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Brazil mega-dam ‘disaster’ for tribes as it nears completion
Belo Monte hydroelectric plant is flouting agreements to protect indigenous communities as its builder seeks approval to start generating power, environmental lawyers have warned.
The US$11 billion dam on an Amazonian tributary – set to be the third-largest producer of hydropower globally – has met just 30% of the social and environmental conditions set by government, said AIDA Americas.
“It is clear that the conditions necessary for Norte Energia, the consortium in charge of the project, to receive the licence are not in place,” said a statement on Monday. The dam is 70% built.
Brazil’s largest infrastructure work will divert the Xingu River, forcing the relocation of 2,000 families as pristine rainforest is flooded. Federal prosecutors have recommended the relocation be suspended.
Environmental groups have petitioned the Inter-American Commission on Human Rights to oppose the government’s granting of a license, on the basis it could destroy tribes’ means of survival.
“Giving free rein of operation to the dam at this time would mean completely shutting down the options available to avoid major social and humanitarian disasters in the region,” said Sandy Faidherb of SDDH, a local activist group which filed on behalf of the affected communities.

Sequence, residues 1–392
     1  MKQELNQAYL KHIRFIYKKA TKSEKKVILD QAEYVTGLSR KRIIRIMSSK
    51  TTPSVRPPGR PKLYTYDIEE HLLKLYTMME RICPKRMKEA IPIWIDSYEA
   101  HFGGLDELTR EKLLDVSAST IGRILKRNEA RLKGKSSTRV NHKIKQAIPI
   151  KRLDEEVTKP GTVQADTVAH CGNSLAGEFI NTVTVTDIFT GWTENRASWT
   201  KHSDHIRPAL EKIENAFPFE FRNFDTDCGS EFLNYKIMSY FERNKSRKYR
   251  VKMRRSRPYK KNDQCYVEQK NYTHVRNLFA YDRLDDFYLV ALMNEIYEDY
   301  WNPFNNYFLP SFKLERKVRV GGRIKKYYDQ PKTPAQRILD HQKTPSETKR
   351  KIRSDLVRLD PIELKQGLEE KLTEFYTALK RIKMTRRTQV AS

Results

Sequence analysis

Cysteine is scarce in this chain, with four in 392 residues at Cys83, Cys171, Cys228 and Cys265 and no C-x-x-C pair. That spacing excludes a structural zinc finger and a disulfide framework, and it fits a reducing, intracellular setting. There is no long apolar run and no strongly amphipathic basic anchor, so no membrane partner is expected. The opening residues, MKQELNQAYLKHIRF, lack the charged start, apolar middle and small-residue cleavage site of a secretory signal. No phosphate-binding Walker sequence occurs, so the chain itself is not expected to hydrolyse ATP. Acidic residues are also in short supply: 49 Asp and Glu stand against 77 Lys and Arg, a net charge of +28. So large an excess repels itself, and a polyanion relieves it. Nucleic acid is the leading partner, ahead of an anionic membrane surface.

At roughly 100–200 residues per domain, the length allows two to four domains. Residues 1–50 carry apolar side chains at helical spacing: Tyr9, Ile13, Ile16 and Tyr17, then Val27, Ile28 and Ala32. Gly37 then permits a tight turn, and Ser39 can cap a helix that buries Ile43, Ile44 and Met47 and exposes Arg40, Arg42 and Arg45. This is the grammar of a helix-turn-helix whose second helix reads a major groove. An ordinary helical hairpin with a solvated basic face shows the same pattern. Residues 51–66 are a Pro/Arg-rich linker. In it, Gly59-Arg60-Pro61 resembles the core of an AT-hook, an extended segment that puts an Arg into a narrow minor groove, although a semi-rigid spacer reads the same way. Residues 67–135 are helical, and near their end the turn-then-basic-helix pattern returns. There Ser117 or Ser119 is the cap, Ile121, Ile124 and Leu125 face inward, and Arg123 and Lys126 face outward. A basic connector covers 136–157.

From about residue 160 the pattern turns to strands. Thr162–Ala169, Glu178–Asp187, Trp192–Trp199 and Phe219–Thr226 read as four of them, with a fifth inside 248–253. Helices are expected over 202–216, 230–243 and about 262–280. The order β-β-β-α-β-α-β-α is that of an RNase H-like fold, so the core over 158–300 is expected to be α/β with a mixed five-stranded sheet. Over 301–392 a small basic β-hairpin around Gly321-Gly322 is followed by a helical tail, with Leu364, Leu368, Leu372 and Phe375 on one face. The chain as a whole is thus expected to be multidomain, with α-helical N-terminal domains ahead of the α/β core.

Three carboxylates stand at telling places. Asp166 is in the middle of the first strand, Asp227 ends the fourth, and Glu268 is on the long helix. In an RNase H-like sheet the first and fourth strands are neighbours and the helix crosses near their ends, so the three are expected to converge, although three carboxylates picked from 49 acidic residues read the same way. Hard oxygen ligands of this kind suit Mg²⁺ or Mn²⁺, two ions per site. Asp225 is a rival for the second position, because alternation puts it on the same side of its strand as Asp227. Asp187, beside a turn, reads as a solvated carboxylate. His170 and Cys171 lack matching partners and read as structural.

The government has said Belo Monte will supply Brazilians with clean energy and develop the country’s economy.
The dam has been designed to minimise damage, and will flood less than half – 478 sq km in 28-mini reservoirs – of the area affected by the Brazil’s largest Itaipu hydroplant, the Guardian reported.
That comes at a cost to power output, as not shutting off entirely the river means the plant will work on average at barely 40% of its 11,200 MW capacity.
The Xingu River basin in Para state is a “living symbol of Brazil’s cultural and biological diversity,” home to 25,000 indigenous people from 40 ethnic groups,according to Amazon Watch.
Wildlife populations have drastically declined at another dam, Balbina, built in the 1980s, after a 3,500-island archipelago slashed habitat to roam and exposed the likes of tortoises and gamebirds to wind and wildfires.